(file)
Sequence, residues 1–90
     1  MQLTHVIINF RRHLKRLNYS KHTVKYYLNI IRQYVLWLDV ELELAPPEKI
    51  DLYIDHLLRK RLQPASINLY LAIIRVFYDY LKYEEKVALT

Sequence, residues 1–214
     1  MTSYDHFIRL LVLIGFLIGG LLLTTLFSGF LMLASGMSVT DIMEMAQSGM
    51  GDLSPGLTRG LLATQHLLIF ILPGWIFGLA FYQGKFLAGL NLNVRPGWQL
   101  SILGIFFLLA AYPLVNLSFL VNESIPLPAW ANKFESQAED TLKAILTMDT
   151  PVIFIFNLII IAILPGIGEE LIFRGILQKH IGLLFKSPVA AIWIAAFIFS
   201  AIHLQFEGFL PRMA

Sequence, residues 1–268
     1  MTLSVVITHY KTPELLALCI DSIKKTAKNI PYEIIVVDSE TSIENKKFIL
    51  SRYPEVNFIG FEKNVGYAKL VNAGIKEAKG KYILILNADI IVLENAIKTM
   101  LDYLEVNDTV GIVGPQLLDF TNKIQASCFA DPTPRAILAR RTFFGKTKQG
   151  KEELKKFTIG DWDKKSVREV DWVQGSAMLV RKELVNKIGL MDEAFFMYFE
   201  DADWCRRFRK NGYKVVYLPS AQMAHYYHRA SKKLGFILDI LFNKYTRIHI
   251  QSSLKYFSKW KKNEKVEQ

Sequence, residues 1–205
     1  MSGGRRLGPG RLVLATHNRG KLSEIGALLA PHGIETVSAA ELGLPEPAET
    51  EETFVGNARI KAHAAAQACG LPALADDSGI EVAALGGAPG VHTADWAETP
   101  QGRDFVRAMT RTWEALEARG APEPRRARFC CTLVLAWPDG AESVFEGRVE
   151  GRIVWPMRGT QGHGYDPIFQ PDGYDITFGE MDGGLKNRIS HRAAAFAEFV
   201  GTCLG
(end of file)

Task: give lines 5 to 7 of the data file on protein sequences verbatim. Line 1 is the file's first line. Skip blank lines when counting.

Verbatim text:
     1  MTSYDHFIRL LVLIGFLIGG LLLTTLFSGF LMLASGMSVT DIMEMAQSGM
    51  GDLSPGLTRG LLATQHLLIF ILPGWIFGLA FYQGKFLAGL NLNVRPGWQL
   101  SILGIFFLLA AYPLVNLSFL VNESIPLPAW ANKFESQAED TLKAILTMDT